PARENTS A Natural Preventive Against Drugs -The Dutch Experience

Author: Renee Besseling

In 1982, the grocery store on the corner of my street in Amsterdam was replaced by a “coffee shop’ For me, a mother of two young children, this was reason enough to delve into the matter of drugs. Children, who earlier might get an apple from the store owner, were now suddenly greeted by a hemp leaf in the window. For them, in the beginning, this only meant that we had to go some- place else to get fruits and vegetables, but it also quietly introduced the drug-selling coffee shop into their world.

Yesterday’s child is grown up today, and will be tomorrows parent They are the ones who will not only have to support their elders, but look after the younger generation. They ensure society’s development and progression. Their development is important not only for their future, but for that of all of us. Drug use slows down this development – sometimes to a complete stop.

Why a book on drugs from a Dutch perspective?

The reputation of the Netherlands is based to a great extent on the image of liberal Dutch drug policies as portrayed in the American press and entertainment industry as well as in more scholarly books and articles that seek to undermine the war on drugs. Dutch drug policy essentially advertises a use of certain illicit drugs which have been deemed safe’ or “recreational”, inviting users from abroad to try the wide selection of drugs available in Amsterdam while exporting a tolerance detrimental to children and society everywhere.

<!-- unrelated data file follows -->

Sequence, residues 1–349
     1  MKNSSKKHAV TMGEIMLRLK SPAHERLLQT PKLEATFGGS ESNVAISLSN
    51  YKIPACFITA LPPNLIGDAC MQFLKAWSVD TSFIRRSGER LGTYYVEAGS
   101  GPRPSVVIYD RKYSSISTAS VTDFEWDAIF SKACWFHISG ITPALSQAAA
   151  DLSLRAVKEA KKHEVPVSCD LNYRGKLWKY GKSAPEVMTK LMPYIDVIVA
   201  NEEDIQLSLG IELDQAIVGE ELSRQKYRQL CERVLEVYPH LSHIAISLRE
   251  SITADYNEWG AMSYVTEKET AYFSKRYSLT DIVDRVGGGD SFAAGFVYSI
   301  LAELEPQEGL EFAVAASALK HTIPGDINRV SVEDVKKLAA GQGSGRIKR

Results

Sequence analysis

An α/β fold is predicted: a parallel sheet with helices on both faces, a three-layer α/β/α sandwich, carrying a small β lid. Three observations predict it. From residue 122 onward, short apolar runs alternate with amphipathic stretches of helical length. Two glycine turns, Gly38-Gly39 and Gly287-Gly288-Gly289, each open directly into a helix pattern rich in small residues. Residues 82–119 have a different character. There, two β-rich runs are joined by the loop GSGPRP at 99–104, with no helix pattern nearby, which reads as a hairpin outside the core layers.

Discussion in the United States is heating up. While the government actively wages the “war on drugs” in the United States and abroad, voter-supported initiatives on city and state levels seek to decriminalize the use of some drugs, especially marijuana, and install programs in inner cities distributing methadone and syringes. Some countries allow shooting galleries – even giving out heroin to dependent persons. Through the use of these and other “harm reduction” measures, health organizations are failing to combat the causes of drug dependence, leaving the dependent person to their own devices. Now, for the first time – from a parent’s perspective – the destructive liberal drug policies of the Dutch are exposed for the failure they are.

For whom is this book intended?

This book is meant for parents, educators and alarmed citizens to aid then in the debate on drugs. It aims at a better understanding of the mechanisms of dependence and the prevention of drug abuse, but it is also meant to strengthen the position of parents and educators who often find themselves ill-equipped in discussions with so-called experts. Hopefully, this book will be useful as a second opinion for those who are responsible for creating national and local drug policies to counter the simplistic and irresponsible propaganda supporting drug tolerance and ‘harm reduction,”

The author Renee Besseling. is a mother of two children. For the last 20 years she has been involved in the struggle for a restrictive drug control policy in the Netherlands and Sweden. She is co-founder of Europe Against Drugs (EURAD), and currently the International Secretary of the organization. She is a local chapter chairperson of Swedish Immigrants Against Drugs (SIMON) and an international delegate to Drug Watch International (USA).
To order visit www. prponline. net and look under ‘Prevention Books. (ISBN:O-944246-05-2, $19.95) For more information, please contact George T. Watkins at 1-800-453-7733 or

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